Medic Mobile, formerly FrontlineSMS and a proven innovator in mobile health technology, has announced the development of the first SIM Application for healthcare. SIM apps can generally operate on 80% of the world’s phones from $15 handsets to Android smartphones. The announcement was made by Medic’s Chief Strategist Isaac Holeman at the Mobile Health Summit in Cape Town, South Africa on Monday. The GSMA-mHA Mobile Health Summit runs from 6th to 9th June and has a great lineup of speakers.
Medic Mobile is known best for deploying SMS-based healthcare communication solutions on $60 Java enabled phones. Now with SIM apps, Medic is creating simple menu-based applications that function on handsets four times less expensive and operable in the hardest to reach areas. “In healthcare, it’s necessary to exchange structured information. SIM apps provide a new method with great potential that can be installed and updated remotely over the air,” says CTO and Lead Developer Dieterich Lawson.
CEO Josh Nesbit sees a bright future for SIM mhealth apps, “They’re easy for users, they’ve been proven to scale in mobile banking, and mobile phone penetration is skyrocketing. We want to meet health workers and patients where they are, designing applications for technology they’re using.” Fifty percent of people on the African continent own a mobile phone, projected to reach 100% in the next few years.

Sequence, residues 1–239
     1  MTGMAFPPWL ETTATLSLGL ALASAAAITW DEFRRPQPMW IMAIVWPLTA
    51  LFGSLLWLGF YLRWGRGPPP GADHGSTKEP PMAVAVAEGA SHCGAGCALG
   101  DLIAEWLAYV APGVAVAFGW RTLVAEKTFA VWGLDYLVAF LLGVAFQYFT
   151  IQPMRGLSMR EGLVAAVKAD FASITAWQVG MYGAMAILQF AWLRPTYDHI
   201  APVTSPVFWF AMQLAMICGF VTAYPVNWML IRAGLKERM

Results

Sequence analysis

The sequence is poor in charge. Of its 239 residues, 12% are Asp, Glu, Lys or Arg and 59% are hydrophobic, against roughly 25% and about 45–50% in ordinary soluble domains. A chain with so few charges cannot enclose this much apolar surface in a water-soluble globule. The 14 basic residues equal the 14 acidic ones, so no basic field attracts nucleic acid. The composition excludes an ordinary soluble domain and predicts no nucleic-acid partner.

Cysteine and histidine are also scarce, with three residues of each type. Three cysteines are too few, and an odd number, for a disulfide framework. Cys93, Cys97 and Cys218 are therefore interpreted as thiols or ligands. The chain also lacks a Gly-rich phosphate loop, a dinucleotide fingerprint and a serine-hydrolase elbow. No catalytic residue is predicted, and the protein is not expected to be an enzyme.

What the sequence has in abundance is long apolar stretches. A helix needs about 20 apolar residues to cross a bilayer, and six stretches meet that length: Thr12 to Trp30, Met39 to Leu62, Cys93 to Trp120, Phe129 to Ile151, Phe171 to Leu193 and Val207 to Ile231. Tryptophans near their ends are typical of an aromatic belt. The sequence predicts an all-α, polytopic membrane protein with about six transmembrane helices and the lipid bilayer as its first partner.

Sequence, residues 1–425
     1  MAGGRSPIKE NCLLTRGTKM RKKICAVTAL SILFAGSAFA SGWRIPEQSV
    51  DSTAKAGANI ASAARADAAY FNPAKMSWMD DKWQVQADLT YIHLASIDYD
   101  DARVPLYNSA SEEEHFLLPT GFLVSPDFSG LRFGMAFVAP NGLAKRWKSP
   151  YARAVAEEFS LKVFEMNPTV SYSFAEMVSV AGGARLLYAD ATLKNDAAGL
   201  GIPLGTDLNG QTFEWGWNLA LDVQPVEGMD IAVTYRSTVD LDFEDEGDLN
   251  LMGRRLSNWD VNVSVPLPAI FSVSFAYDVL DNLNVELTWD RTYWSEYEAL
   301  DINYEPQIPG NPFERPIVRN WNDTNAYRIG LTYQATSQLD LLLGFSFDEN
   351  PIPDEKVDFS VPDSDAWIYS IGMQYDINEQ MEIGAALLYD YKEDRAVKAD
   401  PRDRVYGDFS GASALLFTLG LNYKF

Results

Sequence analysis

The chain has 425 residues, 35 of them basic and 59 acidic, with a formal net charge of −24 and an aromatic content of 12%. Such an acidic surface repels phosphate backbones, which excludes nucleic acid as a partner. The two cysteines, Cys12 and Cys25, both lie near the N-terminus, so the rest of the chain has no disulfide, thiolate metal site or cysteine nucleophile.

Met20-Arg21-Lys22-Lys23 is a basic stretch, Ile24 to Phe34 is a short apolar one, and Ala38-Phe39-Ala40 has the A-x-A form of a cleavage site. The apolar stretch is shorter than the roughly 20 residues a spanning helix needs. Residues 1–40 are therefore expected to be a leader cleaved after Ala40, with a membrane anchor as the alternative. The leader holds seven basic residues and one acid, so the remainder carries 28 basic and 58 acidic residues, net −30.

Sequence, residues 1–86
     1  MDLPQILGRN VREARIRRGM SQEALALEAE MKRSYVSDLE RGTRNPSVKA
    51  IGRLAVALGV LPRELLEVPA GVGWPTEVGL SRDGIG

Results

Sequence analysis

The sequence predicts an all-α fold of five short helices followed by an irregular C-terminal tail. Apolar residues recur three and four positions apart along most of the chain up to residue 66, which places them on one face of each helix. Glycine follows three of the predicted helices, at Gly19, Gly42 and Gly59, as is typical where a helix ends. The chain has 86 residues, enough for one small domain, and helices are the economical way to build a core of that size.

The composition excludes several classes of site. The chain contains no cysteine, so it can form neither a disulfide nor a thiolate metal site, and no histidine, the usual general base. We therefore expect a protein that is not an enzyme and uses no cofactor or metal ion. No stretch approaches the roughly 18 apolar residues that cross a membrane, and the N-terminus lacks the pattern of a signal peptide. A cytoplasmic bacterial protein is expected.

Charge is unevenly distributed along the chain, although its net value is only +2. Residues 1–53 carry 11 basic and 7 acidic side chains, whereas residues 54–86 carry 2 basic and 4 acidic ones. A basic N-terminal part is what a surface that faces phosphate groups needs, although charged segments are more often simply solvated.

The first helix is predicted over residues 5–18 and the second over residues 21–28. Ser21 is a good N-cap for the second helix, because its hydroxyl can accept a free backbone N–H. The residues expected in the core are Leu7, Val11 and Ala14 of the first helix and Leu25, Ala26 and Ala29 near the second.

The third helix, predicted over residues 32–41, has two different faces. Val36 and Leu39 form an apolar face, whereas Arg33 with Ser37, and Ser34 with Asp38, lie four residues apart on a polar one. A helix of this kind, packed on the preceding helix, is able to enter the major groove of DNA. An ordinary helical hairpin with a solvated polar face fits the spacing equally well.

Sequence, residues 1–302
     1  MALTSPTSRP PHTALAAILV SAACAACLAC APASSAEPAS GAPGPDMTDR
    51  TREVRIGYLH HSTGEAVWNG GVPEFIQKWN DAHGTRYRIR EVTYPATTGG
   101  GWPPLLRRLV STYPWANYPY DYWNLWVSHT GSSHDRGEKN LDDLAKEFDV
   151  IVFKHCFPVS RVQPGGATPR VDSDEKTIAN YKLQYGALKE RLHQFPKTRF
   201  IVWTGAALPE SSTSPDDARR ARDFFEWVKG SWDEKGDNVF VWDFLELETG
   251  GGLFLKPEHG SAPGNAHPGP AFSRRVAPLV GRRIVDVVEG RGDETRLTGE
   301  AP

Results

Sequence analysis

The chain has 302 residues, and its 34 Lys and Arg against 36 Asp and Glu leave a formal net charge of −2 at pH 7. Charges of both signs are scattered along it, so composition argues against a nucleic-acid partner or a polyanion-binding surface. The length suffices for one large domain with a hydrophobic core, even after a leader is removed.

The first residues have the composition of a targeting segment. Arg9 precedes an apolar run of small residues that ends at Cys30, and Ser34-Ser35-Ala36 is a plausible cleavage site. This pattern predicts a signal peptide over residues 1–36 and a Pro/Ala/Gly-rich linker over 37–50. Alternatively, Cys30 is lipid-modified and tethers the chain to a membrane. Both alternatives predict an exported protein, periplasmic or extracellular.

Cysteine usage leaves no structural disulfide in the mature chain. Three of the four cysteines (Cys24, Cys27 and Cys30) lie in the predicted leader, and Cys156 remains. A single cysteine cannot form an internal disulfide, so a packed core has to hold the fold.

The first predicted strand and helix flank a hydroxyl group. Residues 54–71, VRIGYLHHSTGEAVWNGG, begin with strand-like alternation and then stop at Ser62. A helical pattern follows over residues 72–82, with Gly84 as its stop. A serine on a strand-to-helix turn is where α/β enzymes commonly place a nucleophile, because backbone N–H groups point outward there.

Medic’s first official SIM app is Kuvela, developed for PSI with support from the Maternal Health Task Force, and the company plans to develop many more. “We required reporting tools that can be rolled out at large scale for low cost. The combination of a SIM application and a reporting dashboard will allow us to closely monitor the quality of our program across multiple districts. This would’ve been otherwise impossible without Medic Mobile’s work,” said Gunther Baugh, Project Coordinator for PSI.
“People get excited about the iPhone apps because of profit potential. We’re excited about designing SIM applications because of the impact potential,” says Nesbit. “I can imagine all eight million global community health workers utilizing SIM applications to support their work and improve the lives of their patients.” In the future, Medic hopes to build applications for patients to help them manage their own health by scheduling appointments, accessing remote consultations, alerting the nearest clinic in medical emergencies, and more.
Medic Mobile is a non-profit organization seeking to advance rural healthcare networks in the developing world through the implementation of sustainable, appropriate technologies delivered through mobile phones. By developing new software and building upon open source software including: FrontlineSMS, OpenMRS, Ushahidi, Google Apps, and HealthMap, Medic Mobile seeks to help medical workers gather health data efficiently and assist in patient follow-up. The Medic Mobile tools are currently used in eleven countries covering more than 4.5 million people.